‘Punk’ Mary River turtle benefits from $20k grant
HAVING helped save the Mary Valley from being "drowned" by the Traveston Crossing Dam, fabulous creatures like a threatened bum-breathing turtle, an air-breathing lung fish and a prized cod are now on the receiving end of valuable human support.
Federal Member for Wide Bay Llew O'Brien has presented the Save the Mary River Co-ordinating Group with a $20,000 grant to improve vegetation and habitat for the Mary River's aquatic and land-based fauna.
"The Mary Valley is an area of outstanding, unspoilt natural beauty, and I am pleased to be able to support the good work of Glenda Pickersgill and the Save the Mary River co-ordinating Group in protecting our unique flora and fauna so that future generations can enjoy it too," Mr O'Brien said.
Group spokeswoman Glenda Pickersgill, who helped lead the fight against the dam eventually cancelled by Federal Environment Minister Peter Garrett, was delighted by the federal support.
She said the funding would provide positive flow-on impacts for the a turtle that in 2018 was named as one of the top 100 edge reptiles by the Zoological Society of London EDGE program (Evolutionary Distinct and Globally Endangered).
It was also adopted by the Melbourne punk scene after a photo of one bum-breather appeared online sporting a green algae mohawk.
Ms Pickersgill said the latest survey showed the local turtle population lacked regeneration and "we're not seeing a lot of young recruitment".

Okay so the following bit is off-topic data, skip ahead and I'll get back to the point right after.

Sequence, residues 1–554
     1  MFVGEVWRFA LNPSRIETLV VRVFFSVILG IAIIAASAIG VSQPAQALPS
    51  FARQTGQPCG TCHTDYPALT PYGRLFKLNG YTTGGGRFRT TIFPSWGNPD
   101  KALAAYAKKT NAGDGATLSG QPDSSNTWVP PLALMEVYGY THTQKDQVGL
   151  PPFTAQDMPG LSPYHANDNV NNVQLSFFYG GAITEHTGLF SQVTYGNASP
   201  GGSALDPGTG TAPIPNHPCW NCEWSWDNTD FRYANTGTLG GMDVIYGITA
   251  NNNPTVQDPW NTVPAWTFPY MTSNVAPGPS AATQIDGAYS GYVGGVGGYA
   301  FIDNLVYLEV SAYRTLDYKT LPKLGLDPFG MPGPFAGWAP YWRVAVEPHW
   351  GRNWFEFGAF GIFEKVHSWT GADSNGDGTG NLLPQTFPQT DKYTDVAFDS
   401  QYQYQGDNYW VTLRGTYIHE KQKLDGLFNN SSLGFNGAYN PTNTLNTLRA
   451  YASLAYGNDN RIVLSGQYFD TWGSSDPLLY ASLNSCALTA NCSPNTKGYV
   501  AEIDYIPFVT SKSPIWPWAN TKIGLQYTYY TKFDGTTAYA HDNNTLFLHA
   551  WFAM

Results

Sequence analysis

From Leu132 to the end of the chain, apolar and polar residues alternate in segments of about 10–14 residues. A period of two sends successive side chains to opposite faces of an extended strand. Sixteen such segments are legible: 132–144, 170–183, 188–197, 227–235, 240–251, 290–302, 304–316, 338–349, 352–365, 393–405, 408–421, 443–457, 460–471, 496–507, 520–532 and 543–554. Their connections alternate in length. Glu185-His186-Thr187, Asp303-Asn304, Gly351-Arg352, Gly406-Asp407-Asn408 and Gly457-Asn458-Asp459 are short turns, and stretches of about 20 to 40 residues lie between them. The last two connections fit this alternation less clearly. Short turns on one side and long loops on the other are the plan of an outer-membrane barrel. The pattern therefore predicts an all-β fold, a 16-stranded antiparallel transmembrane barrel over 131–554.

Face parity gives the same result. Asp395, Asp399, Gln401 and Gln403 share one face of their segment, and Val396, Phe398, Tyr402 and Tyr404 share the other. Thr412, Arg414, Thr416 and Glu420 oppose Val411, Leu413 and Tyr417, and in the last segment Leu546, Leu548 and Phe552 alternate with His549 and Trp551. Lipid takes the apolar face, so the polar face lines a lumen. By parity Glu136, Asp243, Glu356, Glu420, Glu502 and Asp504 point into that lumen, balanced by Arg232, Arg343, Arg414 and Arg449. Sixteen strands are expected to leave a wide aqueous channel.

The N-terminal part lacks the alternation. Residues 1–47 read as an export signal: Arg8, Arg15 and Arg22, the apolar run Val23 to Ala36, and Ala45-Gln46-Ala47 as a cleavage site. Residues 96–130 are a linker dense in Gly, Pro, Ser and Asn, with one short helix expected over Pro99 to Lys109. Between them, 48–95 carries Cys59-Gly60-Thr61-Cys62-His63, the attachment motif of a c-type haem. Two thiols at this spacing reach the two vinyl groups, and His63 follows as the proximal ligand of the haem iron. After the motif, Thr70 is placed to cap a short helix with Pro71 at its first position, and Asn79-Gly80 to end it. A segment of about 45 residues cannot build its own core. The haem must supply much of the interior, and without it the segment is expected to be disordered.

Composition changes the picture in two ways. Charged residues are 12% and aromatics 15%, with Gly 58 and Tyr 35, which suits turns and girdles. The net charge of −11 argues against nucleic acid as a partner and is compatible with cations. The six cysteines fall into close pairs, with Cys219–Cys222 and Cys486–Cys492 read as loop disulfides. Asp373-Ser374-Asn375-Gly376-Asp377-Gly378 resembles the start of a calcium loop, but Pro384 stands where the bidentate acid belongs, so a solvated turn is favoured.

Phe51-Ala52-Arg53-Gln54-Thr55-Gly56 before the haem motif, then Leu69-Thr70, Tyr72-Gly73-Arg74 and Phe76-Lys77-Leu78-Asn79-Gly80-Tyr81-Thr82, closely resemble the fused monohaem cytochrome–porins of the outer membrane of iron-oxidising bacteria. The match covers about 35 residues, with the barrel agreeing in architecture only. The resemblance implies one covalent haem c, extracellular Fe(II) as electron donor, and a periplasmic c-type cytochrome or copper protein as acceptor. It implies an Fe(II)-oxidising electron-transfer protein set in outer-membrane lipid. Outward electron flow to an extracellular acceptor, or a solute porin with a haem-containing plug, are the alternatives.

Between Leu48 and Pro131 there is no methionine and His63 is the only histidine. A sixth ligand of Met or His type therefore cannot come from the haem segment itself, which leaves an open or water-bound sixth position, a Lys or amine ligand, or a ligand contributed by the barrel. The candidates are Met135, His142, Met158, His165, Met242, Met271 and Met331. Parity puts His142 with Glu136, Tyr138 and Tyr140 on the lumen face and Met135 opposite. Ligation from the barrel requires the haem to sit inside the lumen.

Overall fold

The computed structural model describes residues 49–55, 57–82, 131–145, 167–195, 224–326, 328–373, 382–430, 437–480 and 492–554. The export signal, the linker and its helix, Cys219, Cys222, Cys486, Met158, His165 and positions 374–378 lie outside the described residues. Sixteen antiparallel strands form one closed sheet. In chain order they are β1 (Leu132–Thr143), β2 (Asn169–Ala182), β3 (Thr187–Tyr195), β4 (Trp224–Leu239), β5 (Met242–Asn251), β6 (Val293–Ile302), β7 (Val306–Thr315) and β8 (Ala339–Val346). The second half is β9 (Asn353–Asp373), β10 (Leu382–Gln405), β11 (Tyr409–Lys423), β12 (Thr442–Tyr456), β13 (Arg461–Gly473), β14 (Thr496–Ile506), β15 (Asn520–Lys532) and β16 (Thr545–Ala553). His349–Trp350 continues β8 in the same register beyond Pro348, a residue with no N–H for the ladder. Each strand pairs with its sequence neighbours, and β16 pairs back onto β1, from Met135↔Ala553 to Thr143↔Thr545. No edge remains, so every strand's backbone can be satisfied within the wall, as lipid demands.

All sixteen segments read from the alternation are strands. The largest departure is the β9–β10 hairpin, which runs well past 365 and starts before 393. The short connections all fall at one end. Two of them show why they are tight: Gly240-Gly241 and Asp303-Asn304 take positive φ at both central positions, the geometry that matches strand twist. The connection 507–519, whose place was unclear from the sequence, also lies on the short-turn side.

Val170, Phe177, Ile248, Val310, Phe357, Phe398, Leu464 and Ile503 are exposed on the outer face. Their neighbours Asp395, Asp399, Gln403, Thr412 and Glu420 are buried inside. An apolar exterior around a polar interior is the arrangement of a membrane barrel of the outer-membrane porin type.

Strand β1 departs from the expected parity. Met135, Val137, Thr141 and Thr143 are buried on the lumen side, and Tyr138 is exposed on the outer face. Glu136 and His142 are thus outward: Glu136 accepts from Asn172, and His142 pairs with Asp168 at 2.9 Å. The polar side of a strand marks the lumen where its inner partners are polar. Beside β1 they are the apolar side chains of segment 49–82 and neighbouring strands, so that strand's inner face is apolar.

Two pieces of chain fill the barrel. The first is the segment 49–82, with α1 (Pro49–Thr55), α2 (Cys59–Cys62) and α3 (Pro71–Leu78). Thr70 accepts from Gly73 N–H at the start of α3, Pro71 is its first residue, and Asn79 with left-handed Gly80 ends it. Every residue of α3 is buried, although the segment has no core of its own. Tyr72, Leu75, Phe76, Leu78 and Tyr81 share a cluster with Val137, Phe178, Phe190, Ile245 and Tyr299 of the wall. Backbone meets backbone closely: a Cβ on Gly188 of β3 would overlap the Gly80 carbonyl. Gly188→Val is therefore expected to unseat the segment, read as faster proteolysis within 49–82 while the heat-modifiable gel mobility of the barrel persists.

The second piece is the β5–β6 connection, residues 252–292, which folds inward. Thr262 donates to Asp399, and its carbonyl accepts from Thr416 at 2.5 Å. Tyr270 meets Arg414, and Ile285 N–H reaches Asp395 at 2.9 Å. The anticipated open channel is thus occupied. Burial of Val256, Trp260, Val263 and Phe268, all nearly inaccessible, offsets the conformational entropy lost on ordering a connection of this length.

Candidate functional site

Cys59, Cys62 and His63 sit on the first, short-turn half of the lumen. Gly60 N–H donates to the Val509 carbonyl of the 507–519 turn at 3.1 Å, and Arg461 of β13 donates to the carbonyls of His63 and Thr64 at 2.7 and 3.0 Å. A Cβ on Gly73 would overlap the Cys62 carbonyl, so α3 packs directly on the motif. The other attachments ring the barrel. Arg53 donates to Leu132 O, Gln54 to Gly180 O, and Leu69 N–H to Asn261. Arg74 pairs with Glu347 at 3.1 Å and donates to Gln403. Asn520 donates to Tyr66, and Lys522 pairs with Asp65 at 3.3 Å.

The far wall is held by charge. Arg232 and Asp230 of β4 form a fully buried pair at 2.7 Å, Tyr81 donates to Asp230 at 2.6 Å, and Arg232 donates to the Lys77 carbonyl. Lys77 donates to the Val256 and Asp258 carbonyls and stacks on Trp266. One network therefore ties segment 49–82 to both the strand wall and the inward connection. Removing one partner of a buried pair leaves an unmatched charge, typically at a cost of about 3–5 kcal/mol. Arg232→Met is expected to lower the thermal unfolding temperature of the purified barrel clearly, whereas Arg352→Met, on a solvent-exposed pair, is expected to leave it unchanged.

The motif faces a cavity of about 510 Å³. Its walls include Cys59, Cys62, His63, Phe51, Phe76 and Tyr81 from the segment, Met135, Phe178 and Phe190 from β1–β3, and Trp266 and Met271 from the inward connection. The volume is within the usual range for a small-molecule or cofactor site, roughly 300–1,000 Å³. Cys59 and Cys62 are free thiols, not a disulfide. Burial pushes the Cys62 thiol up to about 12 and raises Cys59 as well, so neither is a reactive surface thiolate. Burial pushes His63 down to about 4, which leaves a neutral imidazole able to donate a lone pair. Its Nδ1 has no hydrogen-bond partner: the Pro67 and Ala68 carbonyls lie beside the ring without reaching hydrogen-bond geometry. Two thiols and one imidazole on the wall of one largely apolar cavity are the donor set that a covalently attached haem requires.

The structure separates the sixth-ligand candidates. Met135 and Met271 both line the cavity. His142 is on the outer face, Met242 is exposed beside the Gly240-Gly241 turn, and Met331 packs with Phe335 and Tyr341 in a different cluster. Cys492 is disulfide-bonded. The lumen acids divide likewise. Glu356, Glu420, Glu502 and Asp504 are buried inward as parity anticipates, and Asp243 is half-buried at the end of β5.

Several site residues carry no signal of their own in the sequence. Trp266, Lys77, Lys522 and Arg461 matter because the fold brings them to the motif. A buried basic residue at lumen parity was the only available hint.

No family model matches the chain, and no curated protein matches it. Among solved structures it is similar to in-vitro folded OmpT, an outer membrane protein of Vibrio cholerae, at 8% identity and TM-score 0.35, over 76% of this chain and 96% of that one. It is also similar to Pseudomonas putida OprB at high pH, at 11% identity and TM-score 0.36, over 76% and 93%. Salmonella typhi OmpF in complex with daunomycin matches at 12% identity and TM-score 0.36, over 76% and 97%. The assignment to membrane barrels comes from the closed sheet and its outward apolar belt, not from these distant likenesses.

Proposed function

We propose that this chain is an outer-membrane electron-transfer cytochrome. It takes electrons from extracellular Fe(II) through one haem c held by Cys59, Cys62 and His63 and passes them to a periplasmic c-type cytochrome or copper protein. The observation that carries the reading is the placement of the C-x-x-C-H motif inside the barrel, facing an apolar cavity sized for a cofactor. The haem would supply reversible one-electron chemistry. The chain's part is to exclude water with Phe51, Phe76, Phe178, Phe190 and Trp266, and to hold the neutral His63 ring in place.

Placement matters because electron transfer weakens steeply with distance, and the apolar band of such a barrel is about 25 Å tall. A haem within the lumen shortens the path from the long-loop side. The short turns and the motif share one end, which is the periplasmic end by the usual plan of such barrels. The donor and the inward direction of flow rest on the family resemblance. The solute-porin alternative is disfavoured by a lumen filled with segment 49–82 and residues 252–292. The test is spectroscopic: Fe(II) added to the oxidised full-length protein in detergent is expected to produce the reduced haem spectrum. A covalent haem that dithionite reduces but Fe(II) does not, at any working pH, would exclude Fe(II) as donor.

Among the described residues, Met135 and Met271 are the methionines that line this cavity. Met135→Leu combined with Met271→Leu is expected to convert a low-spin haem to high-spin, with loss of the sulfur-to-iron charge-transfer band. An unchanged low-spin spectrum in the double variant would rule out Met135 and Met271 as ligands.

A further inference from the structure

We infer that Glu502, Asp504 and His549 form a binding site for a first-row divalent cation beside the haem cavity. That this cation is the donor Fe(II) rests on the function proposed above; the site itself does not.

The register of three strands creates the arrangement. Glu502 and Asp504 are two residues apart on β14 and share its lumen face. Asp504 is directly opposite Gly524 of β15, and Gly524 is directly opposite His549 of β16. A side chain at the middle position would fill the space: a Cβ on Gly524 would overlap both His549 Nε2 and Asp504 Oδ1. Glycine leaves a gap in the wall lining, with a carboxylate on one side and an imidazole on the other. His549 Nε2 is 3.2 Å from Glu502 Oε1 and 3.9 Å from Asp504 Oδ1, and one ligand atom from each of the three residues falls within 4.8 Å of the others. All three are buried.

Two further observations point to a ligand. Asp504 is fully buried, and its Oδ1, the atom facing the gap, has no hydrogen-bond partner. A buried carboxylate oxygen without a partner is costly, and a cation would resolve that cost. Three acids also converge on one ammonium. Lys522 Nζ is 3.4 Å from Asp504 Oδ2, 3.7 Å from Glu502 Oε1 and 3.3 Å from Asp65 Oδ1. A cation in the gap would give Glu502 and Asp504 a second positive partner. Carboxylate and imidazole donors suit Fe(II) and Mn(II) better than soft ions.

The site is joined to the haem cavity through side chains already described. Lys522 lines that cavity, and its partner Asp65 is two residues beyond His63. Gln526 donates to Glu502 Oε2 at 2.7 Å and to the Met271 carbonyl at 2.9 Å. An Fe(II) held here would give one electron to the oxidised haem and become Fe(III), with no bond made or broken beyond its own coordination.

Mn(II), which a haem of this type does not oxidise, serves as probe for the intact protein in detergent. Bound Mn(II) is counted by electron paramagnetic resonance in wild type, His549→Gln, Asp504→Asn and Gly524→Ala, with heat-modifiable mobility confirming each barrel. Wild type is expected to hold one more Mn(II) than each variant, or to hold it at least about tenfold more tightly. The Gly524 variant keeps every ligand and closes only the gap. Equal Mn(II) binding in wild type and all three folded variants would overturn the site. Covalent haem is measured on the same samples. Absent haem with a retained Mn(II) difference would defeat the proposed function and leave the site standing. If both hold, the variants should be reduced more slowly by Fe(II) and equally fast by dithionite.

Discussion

"It was the Mary River turtle that saved the Mary Valley from the proposed Traveston Crossing Dam under the EPBC (Environmental Protection and Biodiversity Conservation) Act," she said.
"It's one of less than one percent of projects that has been stopped by that legislation.
"It (the act) is under review at the moment and I think that shows that the federal act needs to be strengthened not weakened."
Ms Pickersgill said the replanting project was about "looking after and protecting the habitat of all our wildlife".
"The tree planting is along the Mary Valley link road, linking back up to the higher areas where you have things like koalas to look after," Ms Pickersgill said.
Her group was concerned by the amount of private tree-clearing that has taken place in recent times.
"The trees have gone, but it's not just for wildlife corridors, it's for people as well," she said.
"We're getting a lot of noise ... we're getting a lot of light pollution happening from new development.
"It's about protecting us as well."
She said from her secluded home veranda she can count 35 lights due to new development.